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MORRIS OKUN, INC. v. HARRY ZIMMERMAN

February 22, 1993

MORRIS OKUN, INC. and FINEST FRUITS, INC., Plaintiffs,
v.
HARRY ZIMMERMAN, INC. and HARRY ZIMMERMAN, individually, Defendants.



The opinion of the court was delivered by: LEONARD B. SAND

 SAND, J.

 This case arises under the Perishable Agricultural Commodities Act ("PACA"), 7 U.S.C. ยง 499e(c). Plaintiffs, Morris Okun, Inc. ("Okun") and Finest Fruits, Inc. ("Finest"), move for summary judgment against defendants Harry Zimmerman, Inc. ("HZI") and Harry Zimmerman, individually, for monies allegedly to be held in statutory trust on behalf of plaintiffs under PACA for the sale of perishable goods. Plaintiffs also allege breach of contract. These motions raise a novel question regarding individual liability under PACA, a statute which has been litigated only rarely in this Circuit.

 Factual Background

 Both Okun and Finest are New York corporations engaged in the business of buying and selling wholesale quantities of fresh fruit and vegetables in interstate commerce. Each has its principal place of business in the N.Y.C. Terminal Market, Bronx, New York, and both are duly licensed pursuant to PACA.

 Defendant HZI is a New York Corporation, licensed under PACA as a dealer and/or commission merchant of perishable agricultural commodities, with its principal place of business in the N.Y.C. Terminal Market, Bronx, New York. Defendant Harry Zimmerman was the sole officer and 100% stockholder of defendant HZI.

 Plaintiff Okun alleges that between June 26, 1991 and August 1, 1991, Okun sold and delivered to defendants, pursuant to oral contracts, perishable agricultural commodities for which defendant HZI was to pay Okun $ 16,854.00. There is no dispute that Okun delivered these goods and that the defendants accepted them. Furthermore, there is no dispute that defendants did not pay for these goods. Okun filed timely written notice of its intent to preserve trust benefits as required under PACA by sending notice to defendant Zimmerman and the Secretary of Agriculture. Following the receipt of this notice, defendant HZI paid Okun $ 8,552.00, leaving an unpaid balance of $ 8,302.00.

 Although Okun alleges in the complaint that the purchases were made by "defendants", and alleges that defendant HZI was to pay for the goods, the affidavits in support of the motion submitted by Annabelle Burgess, Okun's credit/accounts receivable manager, and Murray Padover, the Okun salesman who handled the Zimmerman account, allege that the transactions were between Okun and Harry Zimmerman, individually. Defendant Zimmerman seeks to defeat the motion for summary judgment by arguing that a genuine issue of material fact exists as to the identity of the purchaser, stating that he always did business in corporate form as HZI, and not as an individual. Given the Court's interpretation of the law, to be addressed below, this distinction is of little significance, and will not serve as a basis for defeating the summary judgment motion.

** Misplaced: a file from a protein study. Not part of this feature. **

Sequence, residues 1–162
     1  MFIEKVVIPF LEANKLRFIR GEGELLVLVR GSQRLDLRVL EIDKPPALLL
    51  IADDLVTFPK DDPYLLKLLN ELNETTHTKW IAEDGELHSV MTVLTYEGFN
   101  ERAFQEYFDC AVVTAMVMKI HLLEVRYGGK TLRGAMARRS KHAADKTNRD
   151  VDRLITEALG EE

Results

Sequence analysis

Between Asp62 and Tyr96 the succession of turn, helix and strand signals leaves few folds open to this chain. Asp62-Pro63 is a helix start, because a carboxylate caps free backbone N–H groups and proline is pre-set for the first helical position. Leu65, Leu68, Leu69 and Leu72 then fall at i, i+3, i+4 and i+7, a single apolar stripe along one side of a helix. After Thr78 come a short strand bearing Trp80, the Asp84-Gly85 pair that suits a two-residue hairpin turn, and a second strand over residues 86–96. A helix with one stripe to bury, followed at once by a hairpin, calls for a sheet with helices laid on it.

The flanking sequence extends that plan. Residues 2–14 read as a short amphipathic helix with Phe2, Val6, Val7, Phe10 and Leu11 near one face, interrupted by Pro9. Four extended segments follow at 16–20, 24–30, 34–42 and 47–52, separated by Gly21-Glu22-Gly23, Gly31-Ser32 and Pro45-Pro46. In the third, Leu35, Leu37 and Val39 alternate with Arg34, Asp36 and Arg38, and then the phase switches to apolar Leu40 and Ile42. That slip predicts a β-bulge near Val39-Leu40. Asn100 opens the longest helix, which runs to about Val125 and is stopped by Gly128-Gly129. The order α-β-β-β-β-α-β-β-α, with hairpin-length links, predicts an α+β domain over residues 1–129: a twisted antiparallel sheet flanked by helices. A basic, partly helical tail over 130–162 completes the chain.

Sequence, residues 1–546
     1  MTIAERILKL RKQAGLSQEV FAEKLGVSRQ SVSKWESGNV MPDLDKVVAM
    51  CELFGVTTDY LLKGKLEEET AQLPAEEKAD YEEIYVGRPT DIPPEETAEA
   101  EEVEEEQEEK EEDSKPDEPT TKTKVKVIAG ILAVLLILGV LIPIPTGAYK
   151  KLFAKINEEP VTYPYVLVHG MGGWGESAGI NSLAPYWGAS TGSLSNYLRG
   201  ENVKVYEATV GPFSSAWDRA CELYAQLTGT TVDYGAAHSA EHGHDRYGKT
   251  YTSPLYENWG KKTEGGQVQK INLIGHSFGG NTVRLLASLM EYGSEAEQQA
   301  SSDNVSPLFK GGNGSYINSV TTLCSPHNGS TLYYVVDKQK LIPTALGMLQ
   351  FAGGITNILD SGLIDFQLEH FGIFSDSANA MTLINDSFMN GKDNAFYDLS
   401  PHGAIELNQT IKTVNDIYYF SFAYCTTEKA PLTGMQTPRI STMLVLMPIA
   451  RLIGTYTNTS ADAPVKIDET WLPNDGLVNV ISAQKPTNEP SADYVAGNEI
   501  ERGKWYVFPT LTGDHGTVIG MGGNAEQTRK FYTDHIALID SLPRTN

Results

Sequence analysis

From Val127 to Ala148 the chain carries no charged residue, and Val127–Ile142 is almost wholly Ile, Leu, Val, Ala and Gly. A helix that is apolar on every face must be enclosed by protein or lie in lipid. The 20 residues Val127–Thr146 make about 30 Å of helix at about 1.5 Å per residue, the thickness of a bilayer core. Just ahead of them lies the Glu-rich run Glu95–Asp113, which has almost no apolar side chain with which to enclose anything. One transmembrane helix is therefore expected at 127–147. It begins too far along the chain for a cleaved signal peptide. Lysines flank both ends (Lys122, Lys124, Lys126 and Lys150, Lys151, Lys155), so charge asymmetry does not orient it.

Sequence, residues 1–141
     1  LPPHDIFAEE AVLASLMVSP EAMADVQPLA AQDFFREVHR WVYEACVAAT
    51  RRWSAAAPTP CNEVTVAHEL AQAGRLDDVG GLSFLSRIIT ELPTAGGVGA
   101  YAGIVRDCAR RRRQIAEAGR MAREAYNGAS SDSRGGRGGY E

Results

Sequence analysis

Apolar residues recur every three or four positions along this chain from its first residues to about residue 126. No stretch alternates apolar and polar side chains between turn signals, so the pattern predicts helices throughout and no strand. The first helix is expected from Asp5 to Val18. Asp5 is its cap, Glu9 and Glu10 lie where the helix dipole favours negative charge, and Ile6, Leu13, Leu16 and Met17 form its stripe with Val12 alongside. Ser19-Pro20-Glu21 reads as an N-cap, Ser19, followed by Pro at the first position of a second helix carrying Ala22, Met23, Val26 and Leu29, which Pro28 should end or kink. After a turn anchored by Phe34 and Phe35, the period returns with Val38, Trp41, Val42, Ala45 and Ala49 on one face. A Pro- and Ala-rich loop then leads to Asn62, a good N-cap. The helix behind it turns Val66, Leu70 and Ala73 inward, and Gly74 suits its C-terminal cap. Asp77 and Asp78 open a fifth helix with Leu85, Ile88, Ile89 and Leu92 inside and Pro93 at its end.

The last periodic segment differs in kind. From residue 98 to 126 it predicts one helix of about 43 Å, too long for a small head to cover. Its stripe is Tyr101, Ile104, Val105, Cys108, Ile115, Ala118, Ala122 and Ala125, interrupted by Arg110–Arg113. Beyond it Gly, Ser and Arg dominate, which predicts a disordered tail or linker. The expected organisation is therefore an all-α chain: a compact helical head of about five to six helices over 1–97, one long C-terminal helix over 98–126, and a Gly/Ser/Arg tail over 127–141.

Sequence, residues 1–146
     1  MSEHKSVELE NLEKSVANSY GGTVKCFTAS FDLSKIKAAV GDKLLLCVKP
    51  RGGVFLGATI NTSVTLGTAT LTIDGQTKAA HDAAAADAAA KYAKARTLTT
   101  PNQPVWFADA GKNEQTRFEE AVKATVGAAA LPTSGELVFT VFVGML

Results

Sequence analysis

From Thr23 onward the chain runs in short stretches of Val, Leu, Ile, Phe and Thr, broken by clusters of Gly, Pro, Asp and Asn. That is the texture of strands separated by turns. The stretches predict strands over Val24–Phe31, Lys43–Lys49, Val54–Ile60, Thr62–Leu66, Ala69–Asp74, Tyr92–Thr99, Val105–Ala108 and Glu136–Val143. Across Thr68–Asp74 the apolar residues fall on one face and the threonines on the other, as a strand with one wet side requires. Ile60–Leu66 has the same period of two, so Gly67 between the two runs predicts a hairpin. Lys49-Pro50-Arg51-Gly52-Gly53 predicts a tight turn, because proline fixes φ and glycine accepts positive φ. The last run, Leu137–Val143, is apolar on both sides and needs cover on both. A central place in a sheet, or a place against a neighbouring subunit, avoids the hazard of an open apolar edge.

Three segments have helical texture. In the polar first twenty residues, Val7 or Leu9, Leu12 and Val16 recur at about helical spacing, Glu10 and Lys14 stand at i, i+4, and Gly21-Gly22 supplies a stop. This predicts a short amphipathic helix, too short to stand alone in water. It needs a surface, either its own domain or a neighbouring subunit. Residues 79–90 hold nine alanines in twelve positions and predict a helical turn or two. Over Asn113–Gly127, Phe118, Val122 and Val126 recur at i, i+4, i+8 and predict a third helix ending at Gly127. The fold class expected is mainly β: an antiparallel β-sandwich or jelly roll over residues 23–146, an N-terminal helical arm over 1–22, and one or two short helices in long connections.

Finest alleges that between June 24, 1991 and July 26, 1991, defendant HZI purchased $ 15,022.50 in fruits and vegetables from Finest. When defendant HZI did not remit payment, Finest filed timely written notice of its intention to preserve trust benefits. Subsequent to that notice, HZI paid $ 8,167.00, leaving an unpaid balance of $ 6,855.50. HZI raises a defense which relates to the terms of payment printed on Finest's invoices, which will be discussed below with reference to the notice provisions of PACA.

 PACA

 The PACA statute regulates trading in agricultural commodities, essentially fruits and vegetables. The Act was amended in 1984 upon a finding by Congress that a burden on commerce in perishable agricultural commodities was caused by certain financial arrangements, whereby dealers would receive goods without having made payment for them. To remedy this burden, Congress provided for a statutory trust on behalf of unpaid suppliers or sellers. The relevant portion of the statute reads as follows:

 
Perishable agricultural commodities received by a commission merchant, dealer, or broker in all transactions, and all inventories of food or other products derived from perishable agricultural commodities, and any receivables or proceeds from the sale of such commodities or products, shall be held by such commission merchant, dealer or broker in trust for the benefit of all unpaid suppliers or sellers of such commodities or agents involved in the transaction, until full payment of the sums owing in connection with such transactions has been received by such unpaid suppliers, sellers or agents.

 The statute further provides that to preserve one's rights as a beneficiary of a PACA trust, notice must be given by the seller to the dealer and the Secretary of Agriculture

 
within thirty calendar days (i) after expiration of the time prescribed by which payment must be made, as set forth in regulations issued by the Secretary [which time is ten days from the date of receipt and acceptance of the goods], (ii) after expiration of such other time by which payment must be made, as the ...

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